Thursday, July 3, 2008
8.5" x 11"
The drawing today is a memory of how it was on one Fourth of July when I was growing up. Daddy really believed in doing a few fireworks out in the front yard by the street before going to bed. In this drawing, Daddy, dressed in his khakis and felt hat, is ready to set off a Roman Candle as he stood by the curb. Barbara, the brave one, is arranging a small string of firecrackers along the curb. She wanted to light them herself, but Mama fretted from the porch and said, "No! Don't you let that child light a firecracker!"
I'm standing behind Daddy, scared, but fascinated, as I hold a sparkler that he lit for me.
You have to understand that I was terrified of lighting matches and fire after my dress caught on fire when I was about 4. I was terrified of matches, after the incident. I had nightmares about my room catching on fire in the night. In high school, even, our homemaking teacher made me sit on the steps to the kitchen all day one day, trying to get me to strike a match and light the gas hot plate. In college, I was glad if I could get someone else to light a cigarette for me. Eventually, it got a little better and I could light a stove and strike a match. But I did it in a hurry and got away from it. So just holding a little sparkler was a big accomplisment for me. I was assured it wouldn't burn and the little sparkles that came off from it didn't hurt. So, I was okay with a sparkler, but not anything more explosive.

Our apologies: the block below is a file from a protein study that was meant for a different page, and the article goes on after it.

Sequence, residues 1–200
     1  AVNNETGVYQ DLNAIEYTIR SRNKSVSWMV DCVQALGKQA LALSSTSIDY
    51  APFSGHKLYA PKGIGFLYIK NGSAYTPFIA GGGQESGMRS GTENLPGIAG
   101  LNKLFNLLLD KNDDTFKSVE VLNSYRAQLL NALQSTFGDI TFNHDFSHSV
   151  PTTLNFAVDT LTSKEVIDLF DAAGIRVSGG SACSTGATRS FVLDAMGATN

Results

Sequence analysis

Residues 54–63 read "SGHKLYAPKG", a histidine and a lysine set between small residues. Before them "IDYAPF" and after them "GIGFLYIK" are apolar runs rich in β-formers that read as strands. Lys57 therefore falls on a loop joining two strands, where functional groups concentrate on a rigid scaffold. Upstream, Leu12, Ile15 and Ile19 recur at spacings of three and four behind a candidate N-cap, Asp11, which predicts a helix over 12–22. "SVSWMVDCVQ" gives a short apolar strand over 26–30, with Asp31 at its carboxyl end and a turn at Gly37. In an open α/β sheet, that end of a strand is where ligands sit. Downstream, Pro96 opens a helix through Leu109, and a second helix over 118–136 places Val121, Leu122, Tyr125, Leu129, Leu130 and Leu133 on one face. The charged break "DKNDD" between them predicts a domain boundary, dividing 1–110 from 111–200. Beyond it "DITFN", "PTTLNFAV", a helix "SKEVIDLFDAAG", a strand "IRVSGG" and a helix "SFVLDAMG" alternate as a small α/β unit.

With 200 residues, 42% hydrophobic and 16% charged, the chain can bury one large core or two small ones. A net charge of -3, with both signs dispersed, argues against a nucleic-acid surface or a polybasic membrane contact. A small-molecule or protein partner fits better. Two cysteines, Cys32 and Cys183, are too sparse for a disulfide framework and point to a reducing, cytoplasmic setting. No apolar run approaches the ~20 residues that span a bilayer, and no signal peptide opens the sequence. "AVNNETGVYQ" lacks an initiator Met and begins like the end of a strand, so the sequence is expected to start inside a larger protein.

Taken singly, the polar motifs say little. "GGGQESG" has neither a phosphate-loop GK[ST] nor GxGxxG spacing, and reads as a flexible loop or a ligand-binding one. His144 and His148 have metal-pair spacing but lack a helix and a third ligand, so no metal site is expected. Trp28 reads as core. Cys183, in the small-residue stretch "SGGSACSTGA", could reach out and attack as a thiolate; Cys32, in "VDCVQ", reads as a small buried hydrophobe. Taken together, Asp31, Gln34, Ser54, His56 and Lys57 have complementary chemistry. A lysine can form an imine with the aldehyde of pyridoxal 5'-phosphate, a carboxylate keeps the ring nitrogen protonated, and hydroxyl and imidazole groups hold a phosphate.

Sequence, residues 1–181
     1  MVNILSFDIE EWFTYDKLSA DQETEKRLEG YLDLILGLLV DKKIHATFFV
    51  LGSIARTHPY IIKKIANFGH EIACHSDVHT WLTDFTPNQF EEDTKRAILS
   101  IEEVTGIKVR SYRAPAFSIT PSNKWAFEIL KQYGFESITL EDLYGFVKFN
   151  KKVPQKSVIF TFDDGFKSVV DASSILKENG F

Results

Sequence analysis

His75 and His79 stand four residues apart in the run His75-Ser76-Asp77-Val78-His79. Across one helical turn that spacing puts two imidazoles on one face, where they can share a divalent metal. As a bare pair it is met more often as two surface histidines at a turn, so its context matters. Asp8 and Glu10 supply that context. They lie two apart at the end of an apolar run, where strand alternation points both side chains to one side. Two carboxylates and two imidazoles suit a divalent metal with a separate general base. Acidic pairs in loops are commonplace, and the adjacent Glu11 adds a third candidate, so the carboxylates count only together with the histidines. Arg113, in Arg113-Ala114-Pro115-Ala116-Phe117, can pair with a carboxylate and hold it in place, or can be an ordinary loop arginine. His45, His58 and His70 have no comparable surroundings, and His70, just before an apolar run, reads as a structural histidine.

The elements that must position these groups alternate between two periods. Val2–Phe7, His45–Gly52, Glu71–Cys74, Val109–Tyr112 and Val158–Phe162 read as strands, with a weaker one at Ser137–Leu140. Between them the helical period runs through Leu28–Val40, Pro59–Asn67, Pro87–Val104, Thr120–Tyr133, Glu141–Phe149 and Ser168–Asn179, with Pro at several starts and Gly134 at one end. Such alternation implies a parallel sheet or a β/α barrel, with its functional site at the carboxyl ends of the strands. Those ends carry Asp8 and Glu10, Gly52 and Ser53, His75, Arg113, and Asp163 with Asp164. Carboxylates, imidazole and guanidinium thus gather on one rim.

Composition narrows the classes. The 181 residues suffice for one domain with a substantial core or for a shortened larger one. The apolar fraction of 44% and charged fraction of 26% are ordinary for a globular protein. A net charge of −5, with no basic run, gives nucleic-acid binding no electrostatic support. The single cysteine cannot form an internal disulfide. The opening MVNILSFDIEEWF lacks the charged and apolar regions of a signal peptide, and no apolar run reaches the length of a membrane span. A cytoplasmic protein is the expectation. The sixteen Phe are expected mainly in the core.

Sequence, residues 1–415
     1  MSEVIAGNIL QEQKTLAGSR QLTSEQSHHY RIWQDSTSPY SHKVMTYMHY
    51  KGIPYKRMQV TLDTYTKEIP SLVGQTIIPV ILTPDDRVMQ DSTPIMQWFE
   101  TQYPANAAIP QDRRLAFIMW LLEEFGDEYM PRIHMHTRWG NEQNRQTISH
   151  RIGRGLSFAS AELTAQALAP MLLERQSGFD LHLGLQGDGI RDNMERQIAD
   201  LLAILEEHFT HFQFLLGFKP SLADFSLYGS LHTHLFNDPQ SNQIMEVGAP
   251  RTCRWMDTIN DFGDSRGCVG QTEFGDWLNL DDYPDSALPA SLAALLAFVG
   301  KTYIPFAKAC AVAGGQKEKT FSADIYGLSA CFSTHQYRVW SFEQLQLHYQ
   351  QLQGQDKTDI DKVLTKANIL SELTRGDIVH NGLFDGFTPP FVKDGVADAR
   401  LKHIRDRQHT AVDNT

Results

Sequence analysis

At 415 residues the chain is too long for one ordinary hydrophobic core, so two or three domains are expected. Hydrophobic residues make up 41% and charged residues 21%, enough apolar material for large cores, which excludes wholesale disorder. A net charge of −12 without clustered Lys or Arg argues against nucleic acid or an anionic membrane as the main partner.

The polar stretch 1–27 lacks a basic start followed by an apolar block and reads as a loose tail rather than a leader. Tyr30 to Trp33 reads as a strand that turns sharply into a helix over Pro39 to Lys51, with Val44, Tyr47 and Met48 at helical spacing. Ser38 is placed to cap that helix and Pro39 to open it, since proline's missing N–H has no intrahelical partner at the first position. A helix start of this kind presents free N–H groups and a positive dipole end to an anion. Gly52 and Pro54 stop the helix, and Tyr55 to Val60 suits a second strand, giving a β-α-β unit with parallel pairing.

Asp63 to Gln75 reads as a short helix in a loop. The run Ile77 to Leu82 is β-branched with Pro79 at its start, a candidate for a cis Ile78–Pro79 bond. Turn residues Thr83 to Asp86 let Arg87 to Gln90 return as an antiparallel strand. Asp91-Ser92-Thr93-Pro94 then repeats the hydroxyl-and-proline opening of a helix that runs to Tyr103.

We didn't have the fancy, spectacular fireworks that we have today. Just small, or a little larger, fire crackers, sparklers, Roman Candles, and, if you wanted something more risque, there were chasers and some kind of small rocket with a stick on it. You could stick those in the ground or put them in a bottle and launch them. They didn't go very far, and usually just fizzled.
The last two were more expensive, so we didn't get to see those very often.
There were no big fireworks displays for a community or city. I'm not even sure where we bought fireworks. There were no big fireworks stands. I think you could just buy a few at the grocery store.
We had a wonderful bandstand that would have made a great place for a patriotic band concert, picnics and playing in the park on the Fourth. But, a lot of people went out to the Country Club for a barbeque, swimming, golf, and enjoying the little lake with its lily pads and swinging bridge. Some families had their own celebrations with picnics, watermelon on the lawn, maybe lemonade and cake on the lawn or the porch late in the evening .
I don't remember that anyone barbequed or cooked out at home. You could go to the roadside park, after they built one north of town, and roast weiners on the barbeque pit, or have a picnic.
In my picture, you can also see the two story house across the street and part of their driveway. On the left side, you can see the park with the peak on the bandstand, and a street light in the park, glowing among the trees.